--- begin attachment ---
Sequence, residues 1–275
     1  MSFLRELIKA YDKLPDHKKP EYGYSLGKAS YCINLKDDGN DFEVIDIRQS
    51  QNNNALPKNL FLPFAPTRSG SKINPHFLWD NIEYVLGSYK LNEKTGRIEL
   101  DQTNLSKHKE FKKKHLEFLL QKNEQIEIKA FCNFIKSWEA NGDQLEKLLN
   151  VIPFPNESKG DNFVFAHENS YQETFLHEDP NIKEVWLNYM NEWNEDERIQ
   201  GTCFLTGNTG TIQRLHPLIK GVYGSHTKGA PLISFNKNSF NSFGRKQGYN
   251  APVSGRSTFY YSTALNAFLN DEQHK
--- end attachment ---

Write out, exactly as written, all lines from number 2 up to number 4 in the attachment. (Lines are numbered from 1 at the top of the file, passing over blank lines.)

     1  MSFLRELIKA YDKLPDHKKP EYGYSLGKAS YCINLKDDGN DFEVIDIRQS
    51  QNNNALPKNL FLPFAPTRSG SKINPHFLWD NIEYVLGSYK LNEKTGRIEL
   101  DQTNLSKHKE FKKKHLEFLL QKNEQIEIKA FCNFIKSWEA NGDQLEKLLN